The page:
Author(s): Ahmadi J, Toobaee S, Kharras M, Radmehr M
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Abstract AIMS: Psychiatric disorders are common among substance dependants. The objectives of this study were to assess the rate of neurotic disorders among opioid addicts, and reassess the rate of those neurotic disorders two weeks after complete detoxification of the patients. MEASUREMENTS: Data were gathered from 500 (496 men and 4 women) opioid dependants, using DSM-IV criteria. The Middlesex Hospital Questionnaire (MHQ) was used to measure free-floating anxiety, depression, phobia, obsession, hysteria and somatization. RESULTS: Four hundred and ninety-six (99.2\%) of the subjects were men of whom the majority (65.2\%) were married, 26.4\% single and the others were divorced or separated. Three hundred and thirty-four (66.8\%) were in age range of 20 to 39 years. Of the subjects 154 (30.8) were self-employed, 116 (23.2\%) were factory workers, 100 (20\%) unemployed, 64 (12.8\%) employees and 32 (6.4\%) retailers. The majority, 322 (64.4\%), reported elementary and high school as their level of education and only 20 (4\%) were illiterate. The means for neurotic disorders (using the MHQ) before and two weeks after detoxification were 10.12 and 9.98 for anxiety, 7.54 and 7.41 for phobia, 10.10 and 9.76 for depression, 11.11 and 11.05 for obsession, 8.47 and 8.49 for hysteria and 9.82 and 9.46 for somatization, respectively. The mean difference was significant only for depression. CONCLUSIONS: Present findings indicated that the rate of neurotic disorders in opioid dependants is high and (except for depression) was not significantly different before detoxification and two weeks after detoxification. Opium was found to be the most prevalent form of opioid used. Also it can be concluded that during the last years some demographic characteristics of Iranian opioid addicts in this sample have changed. Cultural attitudes toward substance use quite likely affect the pattern of substance use. These findings can be considered when planning preventive and therapeutic programs.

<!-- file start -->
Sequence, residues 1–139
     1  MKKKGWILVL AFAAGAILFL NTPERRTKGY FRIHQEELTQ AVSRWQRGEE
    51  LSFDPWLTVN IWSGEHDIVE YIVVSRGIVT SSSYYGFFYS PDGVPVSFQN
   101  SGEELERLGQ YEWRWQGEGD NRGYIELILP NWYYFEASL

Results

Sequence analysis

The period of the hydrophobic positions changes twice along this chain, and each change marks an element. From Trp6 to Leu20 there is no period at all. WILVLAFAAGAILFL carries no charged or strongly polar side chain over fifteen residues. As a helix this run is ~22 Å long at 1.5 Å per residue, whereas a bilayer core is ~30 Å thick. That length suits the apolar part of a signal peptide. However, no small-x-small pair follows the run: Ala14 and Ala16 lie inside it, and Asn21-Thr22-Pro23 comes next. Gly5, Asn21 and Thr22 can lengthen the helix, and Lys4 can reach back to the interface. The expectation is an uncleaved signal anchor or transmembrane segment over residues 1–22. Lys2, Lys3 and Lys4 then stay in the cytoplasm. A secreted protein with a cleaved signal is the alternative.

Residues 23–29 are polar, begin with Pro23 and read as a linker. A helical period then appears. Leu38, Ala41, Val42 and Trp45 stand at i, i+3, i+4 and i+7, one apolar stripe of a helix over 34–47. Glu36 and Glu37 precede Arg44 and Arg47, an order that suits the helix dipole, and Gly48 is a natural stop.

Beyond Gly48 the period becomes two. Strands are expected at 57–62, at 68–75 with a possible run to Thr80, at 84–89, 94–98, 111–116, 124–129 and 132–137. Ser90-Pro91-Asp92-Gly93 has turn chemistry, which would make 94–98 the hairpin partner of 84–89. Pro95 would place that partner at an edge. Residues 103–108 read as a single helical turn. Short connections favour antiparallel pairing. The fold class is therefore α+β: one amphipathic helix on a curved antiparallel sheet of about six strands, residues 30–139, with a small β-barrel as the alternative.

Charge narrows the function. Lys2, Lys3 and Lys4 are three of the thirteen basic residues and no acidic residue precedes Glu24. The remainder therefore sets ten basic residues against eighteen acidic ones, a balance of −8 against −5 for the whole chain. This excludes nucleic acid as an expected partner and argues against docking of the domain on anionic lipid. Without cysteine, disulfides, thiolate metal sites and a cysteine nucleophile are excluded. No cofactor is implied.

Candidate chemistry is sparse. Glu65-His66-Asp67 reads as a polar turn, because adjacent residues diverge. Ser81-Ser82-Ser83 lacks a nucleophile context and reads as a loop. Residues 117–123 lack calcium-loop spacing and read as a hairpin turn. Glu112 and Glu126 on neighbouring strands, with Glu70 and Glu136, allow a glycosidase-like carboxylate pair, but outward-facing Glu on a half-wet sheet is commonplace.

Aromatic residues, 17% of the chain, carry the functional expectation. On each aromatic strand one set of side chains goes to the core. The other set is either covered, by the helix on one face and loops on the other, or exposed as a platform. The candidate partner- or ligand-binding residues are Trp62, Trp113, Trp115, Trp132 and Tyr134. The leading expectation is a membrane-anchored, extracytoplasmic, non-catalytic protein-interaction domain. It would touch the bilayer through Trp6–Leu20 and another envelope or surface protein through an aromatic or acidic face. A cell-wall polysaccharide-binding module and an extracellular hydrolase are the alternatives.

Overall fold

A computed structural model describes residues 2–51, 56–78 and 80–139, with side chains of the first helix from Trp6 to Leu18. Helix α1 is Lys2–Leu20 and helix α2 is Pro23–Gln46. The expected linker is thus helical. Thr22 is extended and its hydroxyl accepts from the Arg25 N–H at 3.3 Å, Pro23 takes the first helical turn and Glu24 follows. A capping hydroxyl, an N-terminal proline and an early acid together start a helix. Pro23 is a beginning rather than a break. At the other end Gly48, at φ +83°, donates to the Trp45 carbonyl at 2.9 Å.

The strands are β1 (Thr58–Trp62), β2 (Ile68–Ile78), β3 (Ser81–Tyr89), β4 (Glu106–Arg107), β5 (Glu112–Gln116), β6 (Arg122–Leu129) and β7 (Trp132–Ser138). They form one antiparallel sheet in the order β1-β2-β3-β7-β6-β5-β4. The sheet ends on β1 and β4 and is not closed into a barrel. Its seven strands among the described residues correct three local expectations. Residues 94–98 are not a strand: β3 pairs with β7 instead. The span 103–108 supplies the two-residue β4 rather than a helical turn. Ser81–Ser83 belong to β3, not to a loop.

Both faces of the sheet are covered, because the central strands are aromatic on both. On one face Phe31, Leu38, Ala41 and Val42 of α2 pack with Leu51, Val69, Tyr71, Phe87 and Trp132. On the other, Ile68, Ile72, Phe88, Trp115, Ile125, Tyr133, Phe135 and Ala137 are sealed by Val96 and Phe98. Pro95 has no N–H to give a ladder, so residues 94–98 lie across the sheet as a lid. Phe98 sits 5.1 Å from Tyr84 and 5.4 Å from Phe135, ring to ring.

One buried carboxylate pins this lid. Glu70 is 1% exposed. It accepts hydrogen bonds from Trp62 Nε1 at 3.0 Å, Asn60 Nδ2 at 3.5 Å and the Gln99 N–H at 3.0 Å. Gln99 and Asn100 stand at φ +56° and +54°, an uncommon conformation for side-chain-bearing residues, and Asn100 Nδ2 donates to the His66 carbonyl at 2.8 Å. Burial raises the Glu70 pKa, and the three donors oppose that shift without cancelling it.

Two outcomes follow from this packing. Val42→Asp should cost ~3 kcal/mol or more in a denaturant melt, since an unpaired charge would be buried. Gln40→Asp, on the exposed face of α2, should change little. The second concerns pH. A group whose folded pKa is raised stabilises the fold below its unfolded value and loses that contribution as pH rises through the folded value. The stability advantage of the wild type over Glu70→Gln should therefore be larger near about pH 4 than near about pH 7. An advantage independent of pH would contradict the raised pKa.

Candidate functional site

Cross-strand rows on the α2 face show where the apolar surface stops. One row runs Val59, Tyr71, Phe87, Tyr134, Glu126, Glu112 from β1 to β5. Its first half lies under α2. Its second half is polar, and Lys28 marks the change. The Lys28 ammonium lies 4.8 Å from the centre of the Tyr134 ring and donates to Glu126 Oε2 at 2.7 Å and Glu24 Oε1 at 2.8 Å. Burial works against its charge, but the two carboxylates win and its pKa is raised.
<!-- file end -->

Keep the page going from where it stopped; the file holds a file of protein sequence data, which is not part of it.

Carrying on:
This article was published in Int J Soc Psychiatry
and referenced in Journal of Psychiatry